And I felt my brain and I felt I had to get out. So even though I am not knocking, I know what I did going back. If I had to give a piece of advice to my younger self in 2009, it would be no, no, no, don't don't play poker. Just just just focus on writing and do your thing. But poker also taught me a lot about the world that I think enrich the way I think about the world.


For example, I think of the world much more in probabilistic ways. I recognize the impact of luck in our lives much more, which most people don't. Most people give too much credit to their agency and what they have, you know, they imagine they are responsible for their successes and their failures. And that's true to a very small extent, you know, so when we succeed, we tend to let it get to our heads and become arrogant.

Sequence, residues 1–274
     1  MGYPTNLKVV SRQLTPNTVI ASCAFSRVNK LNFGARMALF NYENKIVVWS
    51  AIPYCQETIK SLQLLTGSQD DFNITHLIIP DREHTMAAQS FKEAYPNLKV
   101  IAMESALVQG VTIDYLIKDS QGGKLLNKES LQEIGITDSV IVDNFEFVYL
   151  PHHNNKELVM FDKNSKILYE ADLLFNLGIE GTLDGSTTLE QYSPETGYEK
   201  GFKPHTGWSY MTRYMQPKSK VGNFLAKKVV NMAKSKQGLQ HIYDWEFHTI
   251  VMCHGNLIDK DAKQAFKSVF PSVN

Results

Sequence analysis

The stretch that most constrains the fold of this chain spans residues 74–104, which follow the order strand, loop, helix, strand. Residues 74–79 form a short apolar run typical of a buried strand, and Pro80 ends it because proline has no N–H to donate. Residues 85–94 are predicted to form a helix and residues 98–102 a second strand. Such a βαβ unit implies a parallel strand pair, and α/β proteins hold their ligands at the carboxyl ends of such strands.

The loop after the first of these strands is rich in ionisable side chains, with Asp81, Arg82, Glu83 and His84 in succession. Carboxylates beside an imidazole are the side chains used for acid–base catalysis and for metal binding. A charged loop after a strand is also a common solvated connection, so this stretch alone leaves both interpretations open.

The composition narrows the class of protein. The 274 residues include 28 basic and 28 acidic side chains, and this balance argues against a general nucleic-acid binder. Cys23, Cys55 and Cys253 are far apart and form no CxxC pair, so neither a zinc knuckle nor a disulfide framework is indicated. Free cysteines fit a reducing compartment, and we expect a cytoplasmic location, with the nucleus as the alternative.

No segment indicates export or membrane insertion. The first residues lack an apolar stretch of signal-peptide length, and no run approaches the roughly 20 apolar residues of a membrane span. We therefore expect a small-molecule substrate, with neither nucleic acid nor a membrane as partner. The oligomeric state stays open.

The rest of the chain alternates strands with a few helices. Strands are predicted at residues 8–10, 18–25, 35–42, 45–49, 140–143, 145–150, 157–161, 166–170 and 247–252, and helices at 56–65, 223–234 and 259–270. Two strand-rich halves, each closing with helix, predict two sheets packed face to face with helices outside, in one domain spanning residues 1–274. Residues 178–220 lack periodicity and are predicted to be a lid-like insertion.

And when we fail, we let it get ourselves down and it will hurt our self-image. And the truth is, in both of those, there's a lot of luck involved. And part of what you have to do as you go through life is become animus about the outcomes of the things that you do and the and the cards that life deals you like in poker. You you know that you know, it's a game of skill. But the quantum of luck is much higher than in other sports are games of skill.


So any single hand will be mostly luck. It's over a long period that the edge, the skill plays out. So you play one hundred thousand two hundred thousand hands. The tragedy is that in life you cannot do that. In life you get the cards that you get and it is what it is. But it is still important not to sweat what you cannot control and instead to focus on what you can control, which is you focus on the process.